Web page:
Fifth Committee Vice-Chair MARIAM SAIF ABDULLA AL-SHAMISI announced that issue would be taken up again at a later date.


Next, CHANDRAMOULI RAMANATHAN, Deputy Controller, introduced the Secretary-General’s note on the financing arrangements for United Nations Interim Administration Mission in Kosovo (UNMIK) (document A/66/777), which notes the Assembly’s approval last June of $44.9 million for the maintenance of that mission for the 2011/12 period.  According to the Secretary-General, there were projected increased requirements primarily due to the classification of Field Service staff and national staff posts effective 1 March 2011; higher average actual post adjustment multiplier than budgeted for international staff; lower than budgeted projected average vacancy rate for international staff; implementation of two consecutive revised national staff salary scales effective 1 February 2011 and 1 February 2012; as well as higher than budgeted actual average grade level of national General Service staff.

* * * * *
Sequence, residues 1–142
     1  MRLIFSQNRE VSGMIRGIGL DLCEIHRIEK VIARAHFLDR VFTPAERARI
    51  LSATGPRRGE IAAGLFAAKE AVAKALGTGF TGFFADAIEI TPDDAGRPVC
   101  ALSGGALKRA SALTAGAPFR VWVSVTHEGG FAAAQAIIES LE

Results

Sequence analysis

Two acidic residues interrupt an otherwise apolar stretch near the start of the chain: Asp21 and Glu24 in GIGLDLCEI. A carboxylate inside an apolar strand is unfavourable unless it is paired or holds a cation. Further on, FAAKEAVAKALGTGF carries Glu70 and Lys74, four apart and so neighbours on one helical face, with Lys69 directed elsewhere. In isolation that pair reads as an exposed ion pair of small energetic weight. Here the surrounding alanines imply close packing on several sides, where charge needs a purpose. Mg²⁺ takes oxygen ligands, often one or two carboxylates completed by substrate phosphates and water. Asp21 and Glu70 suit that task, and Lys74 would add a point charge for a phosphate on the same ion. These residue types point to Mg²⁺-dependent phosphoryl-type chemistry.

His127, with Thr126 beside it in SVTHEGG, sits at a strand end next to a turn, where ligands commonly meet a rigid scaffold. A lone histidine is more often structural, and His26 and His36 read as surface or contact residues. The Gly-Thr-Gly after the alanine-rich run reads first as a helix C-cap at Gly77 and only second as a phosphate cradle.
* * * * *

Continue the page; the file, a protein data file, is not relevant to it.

The overall increased requirements were partly offset by reduced requirements under operational costs and military and police personnel.  He said that as UNMIK was not in a position to absorb additional requirements within its approved 2011/12 budget, the Assembly was requested to appropriate and assess on Member States the additional amount to $3.39 million in respect of the same budgetary period.


Introducing the related report on financing arrangements for UNMIK (document A/66/718/Add.20), CARLOS RUIZ MASSIEU, Vice-Chair of the ACABQ, said that the Committee had no objection to an appropriation, however without assessment, of the requested amount of $3.39 million for the maintenance of that Mission from 1 July 2011 to 30 June 2012.  That would be in addition to the $44.9 million already appropriated and assessed for the same period under General Assembly resolution 65/300.